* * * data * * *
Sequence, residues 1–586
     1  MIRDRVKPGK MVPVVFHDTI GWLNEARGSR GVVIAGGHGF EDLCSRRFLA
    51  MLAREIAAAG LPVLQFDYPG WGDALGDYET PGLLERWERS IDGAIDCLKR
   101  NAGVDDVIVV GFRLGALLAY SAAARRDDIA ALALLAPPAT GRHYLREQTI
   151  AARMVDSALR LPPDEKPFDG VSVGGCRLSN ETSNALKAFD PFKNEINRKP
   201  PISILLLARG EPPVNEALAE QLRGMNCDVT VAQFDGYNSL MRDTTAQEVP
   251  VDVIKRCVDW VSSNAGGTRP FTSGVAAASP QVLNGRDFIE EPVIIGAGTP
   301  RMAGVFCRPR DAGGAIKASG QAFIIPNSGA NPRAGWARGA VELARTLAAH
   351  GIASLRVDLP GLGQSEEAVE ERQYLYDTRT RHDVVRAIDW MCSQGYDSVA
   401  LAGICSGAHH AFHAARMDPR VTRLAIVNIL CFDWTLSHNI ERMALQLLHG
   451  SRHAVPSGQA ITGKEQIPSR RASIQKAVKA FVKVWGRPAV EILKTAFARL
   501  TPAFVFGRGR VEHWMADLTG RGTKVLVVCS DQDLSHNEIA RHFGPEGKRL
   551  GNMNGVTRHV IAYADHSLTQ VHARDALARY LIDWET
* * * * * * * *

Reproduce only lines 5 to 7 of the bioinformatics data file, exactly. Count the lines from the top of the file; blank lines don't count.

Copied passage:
   151  AARMVDSALR LPPDEKPFDG VSVGGCRLSN ETSNALKAFD PFKNEINRKP
   201  PISILLLARG EPPVNEALAE QLRGMNCDVT VAQFDGYNSL MRDTTAQEVP
   251  VDVIKRCVDW VSSNAGGTRP FTSGVAAASP QVLNGRDFIE EPVIIGAGTP